News / SMAC: The gap between aspiration and reality
By Neeraj Pandey, Sep 07, 2015

We all know that SMAC is acronym for “Social”, “Mobile”, “Analytics” and “Cloud”. But have you ever wondered how and when did the word SMAC came into existence? Late in the year 2011, Cognizant coined the word “SMAC” during a business conference. Since then, the word has grabbed global attention and is now widely being used as standard acronym across industry.

“SMAC” has gained tremendous popularity in recent past, not only because of emergence of new business needs but also because of continuous enhancements of disruptive technologies that makes SMAC implementation a possibility.

Going by continuous enhancements of disruptive technologies, current generation of CXOs are looking at significant shift in the way they want to manage their business information.

This is resulting in implementation of self-service technologies that allows business users to get more control over their information needs – which can be made possible by usage of SMAC-based solutions.

Driven by its ability to offer solutions that integrate new business models on top of SMAC components, SMAC based revenues are expected to have exponential growth in coming years. At present, SMAC technologies account for less than 10% of the total revenue of Indian IT companies, but Indian IT vendors will generate at least $225 billion in SMAC-related revenue by 2020, according to IDC research estimates.

SMAC-based revenue growth will be driven by use cases that organizations and their management are willing to adopt. With continuous evolution of Social, Mobile, Analytics and Cloud technologies, there are multiple SMAC use case that can be leveraged to meet business needs.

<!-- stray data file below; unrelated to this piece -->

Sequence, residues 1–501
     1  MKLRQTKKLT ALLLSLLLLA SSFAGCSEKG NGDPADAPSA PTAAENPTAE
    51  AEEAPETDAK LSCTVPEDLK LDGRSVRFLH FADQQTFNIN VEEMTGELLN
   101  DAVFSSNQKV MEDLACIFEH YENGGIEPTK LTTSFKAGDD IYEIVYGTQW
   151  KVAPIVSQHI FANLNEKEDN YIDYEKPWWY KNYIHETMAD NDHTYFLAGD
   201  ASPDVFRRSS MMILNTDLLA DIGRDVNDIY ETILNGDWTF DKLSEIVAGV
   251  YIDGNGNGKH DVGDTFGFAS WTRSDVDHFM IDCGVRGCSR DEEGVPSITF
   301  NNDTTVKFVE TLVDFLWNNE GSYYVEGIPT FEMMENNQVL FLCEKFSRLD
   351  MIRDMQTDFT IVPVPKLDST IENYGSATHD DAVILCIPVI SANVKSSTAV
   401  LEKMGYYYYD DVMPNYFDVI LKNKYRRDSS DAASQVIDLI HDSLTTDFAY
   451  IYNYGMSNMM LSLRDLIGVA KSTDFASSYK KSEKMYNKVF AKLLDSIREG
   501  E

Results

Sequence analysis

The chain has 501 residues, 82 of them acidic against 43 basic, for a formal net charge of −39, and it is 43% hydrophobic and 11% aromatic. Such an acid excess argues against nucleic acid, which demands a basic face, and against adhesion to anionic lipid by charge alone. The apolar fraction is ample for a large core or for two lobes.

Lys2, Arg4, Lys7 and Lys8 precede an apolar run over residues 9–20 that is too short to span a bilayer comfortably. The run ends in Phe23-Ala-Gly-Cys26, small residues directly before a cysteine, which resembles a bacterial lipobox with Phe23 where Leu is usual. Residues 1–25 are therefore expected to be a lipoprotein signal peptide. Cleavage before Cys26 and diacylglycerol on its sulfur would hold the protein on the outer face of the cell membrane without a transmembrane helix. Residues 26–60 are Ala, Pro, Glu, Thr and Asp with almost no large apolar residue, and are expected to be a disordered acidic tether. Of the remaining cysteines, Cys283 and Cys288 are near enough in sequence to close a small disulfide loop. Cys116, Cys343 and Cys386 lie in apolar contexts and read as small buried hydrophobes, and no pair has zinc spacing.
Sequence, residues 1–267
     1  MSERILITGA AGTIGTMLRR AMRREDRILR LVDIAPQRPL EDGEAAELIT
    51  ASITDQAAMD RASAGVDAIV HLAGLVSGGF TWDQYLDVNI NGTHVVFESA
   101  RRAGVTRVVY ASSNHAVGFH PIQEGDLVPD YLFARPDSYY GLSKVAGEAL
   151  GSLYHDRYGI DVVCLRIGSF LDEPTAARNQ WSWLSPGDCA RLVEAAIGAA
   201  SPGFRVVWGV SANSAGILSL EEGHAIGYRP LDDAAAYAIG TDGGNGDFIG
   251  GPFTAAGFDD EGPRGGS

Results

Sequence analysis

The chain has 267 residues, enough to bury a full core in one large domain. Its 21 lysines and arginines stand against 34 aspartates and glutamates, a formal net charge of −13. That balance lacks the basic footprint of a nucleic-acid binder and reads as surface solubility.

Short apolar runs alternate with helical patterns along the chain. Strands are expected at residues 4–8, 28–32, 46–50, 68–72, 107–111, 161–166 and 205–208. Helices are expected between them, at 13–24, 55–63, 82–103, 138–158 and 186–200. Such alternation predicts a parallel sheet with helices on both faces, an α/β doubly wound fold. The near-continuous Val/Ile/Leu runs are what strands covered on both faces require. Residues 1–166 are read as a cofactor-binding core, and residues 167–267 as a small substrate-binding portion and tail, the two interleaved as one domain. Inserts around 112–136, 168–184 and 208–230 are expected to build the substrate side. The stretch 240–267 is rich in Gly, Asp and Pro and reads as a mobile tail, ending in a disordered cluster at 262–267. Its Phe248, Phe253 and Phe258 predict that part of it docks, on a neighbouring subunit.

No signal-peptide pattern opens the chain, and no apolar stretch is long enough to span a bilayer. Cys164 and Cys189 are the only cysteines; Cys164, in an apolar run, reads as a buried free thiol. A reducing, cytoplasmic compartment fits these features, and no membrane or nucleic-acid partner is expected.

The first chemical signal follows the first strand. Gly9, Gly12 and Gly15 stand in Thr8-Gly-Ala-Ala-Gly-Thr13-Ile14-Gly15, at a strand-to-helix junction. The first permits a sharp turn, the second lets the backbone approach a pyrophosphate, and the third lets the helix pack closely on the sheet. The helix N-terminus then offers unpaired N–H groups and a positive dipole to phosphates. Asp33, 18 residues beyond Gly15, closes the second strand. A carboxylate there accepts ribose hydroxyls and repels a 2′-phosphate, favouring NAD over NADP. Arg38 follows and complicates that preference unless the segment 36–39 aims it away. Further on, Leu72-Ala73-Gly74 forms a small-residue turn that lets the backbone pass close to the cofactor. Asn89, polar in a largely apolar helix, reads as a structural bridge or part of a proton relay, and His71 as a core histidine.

A simple use case could be “Willingness of Telecom service provider to analyze their consumer insights for offering custom based services – on the go”. This will possibly help Telecom provider minimize their churn and maximize their revenue. To achieve this, Telecom provider must capture and analyze consumer social data (coming from their tweets, feeds, blogs etc.), mine them to depict consumer behavior, build custom based offers meeting specific needs and send them to their consumer’s smartphone for consumption.

Here, Social is used to capture customer’s data, Cloud is used to store and process consumer data, Analytics is used to infer customer’s interest and Mobility is used as a channel to provide them with custom based services. In doing so, Telecom provides solve their business problem of retaining the customer (hence reducing the customer churn), and meet their business needs of generating higher revenues by selling their customized product.

While certain elements of SMAC could possibly be over-hyped or can be seen as re-classifications of traditional service lines, they also present an attractive opportunity for IT service providers over the next few years.

Though most of software vendors are betting on SMAC space to help them generate more business, analysts believe it will require more than simple steps to translate the expectations into business.

Consolidating and analyzing social data and integrating them with mobile devices using cloud storage has their own set of challenge – including data security and threat. Also, analysis of unstructured and voluminous data coming from various social feed has their own set of limitations.

Moreover, infrastructure and resource investment to accomplish SMAC-based business needs possesses another set of challenges.
 

Conclusion

Analysts and industry captains agree that SMAC will continue to evolve before it can attain a maturity level to encapsulate business and technology for solving business problems. SMAC is not only the part of innovative propositions but also underpins the service delivery at large.

The author is AVP, Infinite Computer Solutions

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